Hundreds of unaccompanied migrant children expected to arrive in Houston

More information has been revealed about a Houston site that is being prepared to house about 500 unaccompanied migrant girls.

HOUSTON – More information has been revealed about a Houston site that is being prepared to house about 500 unaccompanied migrant girls.

Officials said the location will operate as an emergency intake site run by the National Association of Christian Churches. Preparations are being made to accept up to 13,000 more, officials said.

The NACC was set to have a news conference Friday morning, but it was postponed.

According to Congresswoman Sheila Jackson Lee, the facility has everything the children need, including “tender care, good food, a warm bed, medical care and a good clean shower.”

“These children are days or maybe only hours away from an enormous journey that many adults could not take,” Jackson Lee said.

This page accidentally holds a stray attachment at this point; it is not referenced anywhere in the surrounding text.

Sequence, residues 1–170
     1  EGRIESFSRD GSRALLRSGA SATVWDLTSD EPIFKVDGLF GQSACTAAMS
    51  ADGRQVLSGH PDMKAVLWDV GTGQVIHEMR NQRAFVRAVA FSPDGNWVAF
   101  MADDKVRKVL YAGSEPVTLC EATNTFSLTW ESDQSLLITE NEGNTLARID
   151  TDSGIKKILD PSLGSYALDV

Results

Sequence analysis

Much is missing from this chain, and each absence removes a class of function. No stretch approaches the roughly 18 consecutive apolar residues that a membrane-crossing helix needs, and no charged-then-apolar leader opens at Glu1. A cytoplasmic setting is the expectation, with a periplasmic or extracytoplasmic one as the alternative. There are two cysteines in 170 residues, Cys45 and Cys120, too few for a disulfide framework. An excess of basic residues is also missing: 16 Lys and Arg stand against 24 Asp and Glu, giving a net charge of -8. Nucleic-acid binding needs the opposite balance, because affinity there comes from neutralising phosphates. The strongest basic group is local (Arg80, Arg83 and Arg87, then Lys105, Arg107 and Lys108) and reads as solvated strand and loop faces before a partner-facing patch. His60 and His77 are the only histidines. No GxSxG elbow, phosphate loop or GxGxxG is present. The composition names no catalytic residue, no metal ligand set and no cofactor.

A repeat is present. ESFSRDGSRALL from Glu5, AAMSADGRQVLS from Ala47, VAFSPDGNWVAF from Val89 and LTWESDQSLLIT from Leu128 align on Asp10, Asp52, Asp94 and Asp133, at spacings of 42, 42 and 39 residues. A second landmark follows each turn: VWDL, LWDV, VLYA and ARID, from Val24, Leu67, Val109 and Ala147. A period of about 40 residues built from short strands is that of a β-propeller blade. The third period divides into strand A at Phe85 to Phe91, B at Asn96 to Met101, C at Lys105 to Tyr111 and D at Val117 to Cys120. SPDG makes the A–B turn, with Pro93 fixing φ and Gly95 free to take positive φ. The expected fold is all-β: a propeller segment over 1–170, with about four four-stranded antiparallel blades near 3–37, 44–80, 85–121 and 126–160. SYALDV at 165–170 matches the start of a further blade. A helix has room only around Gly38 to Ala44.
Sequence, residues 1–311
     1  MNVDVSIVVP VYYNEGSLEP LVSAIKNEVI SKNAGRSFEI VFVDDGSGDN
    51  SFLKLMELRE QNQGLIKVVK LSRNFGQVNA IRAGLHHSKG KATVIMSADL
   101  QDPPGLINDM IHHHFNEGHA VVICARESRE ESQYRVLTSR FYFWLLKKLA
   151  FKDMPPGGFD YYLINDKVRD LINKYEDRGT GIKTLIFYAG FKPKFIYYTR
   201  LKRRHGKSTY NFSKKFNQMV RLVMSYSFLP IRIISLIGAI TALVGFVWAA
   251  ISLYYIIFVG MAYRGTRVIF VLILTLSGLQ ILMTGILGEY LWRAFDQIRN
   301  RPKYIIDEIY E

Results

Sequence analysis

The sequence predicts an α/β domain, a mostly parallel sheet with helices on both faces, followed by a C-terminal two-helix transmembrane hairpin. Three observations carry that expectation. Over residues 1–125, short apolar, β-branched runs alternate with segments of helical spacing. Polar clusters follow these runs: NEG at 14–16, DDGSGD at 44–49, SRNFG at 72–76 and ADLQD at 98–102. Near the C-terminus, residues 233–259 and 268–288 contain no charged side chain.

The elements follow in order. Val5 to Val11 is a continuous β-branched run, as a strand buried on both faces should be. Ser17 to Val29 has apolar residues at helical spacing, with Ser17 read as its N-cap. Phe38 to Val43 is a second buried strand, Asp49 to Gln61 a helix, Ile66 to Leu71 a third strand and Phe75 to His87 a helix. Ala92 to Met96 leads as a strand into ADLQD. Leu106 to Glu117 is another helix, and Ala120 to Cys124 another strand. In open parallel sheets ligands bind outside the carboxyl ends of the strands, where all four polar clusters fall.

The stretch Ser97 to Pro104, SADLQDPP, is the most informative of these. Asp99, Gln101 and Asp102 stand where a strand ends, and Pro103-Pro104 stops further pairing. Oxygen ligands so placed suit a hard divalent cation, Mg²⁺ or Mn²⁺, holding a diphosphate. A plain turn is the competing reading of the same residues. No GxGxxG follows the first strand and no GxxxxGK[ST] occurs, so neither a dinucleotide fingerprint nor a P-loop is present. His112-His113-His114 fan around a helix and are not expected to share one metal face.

It is unclear when the children will arrive at the facility, but Jackson Lee said they all have one thing in mind: reuniting with family.

“The only thing that they want to do is go into the loving arms of their family members after a tortuous journey,” Jackson Lee said.

Jackson Lee says migrant boys will be housed at a different facility in the state. She also stated they will not separate siblings.

Once the children arrive they will be given a snack, processed and tested for COVID, according to Jackson Lee.

“Then they will be given a court date to be processed as to whether or not the child is seeking asylum or other immigration proceedings,” she said.

Texas has several facilities that are housing unaccompanied migrant children. This week, customs and border patrol offered a look inside a facility in Donna, Texas that was originally designed to house 250 children. That number is now up to 4,000.

Many are waiting for temporary housing or to reunite with family living in the U.S. Earlier this week, Sen. John Cornyn held a press conference after touring an undisclosed and off-limits facility for migrant children run by the Catholic Charities of the Archdiocese of Galveston-Houston.

The Republican senator says he met with some of the children who were from Guatemala and Honduras who were being tutored. The Mayor’s Office and Harris County officials said they haven’t heard anything about this undisclosed location.

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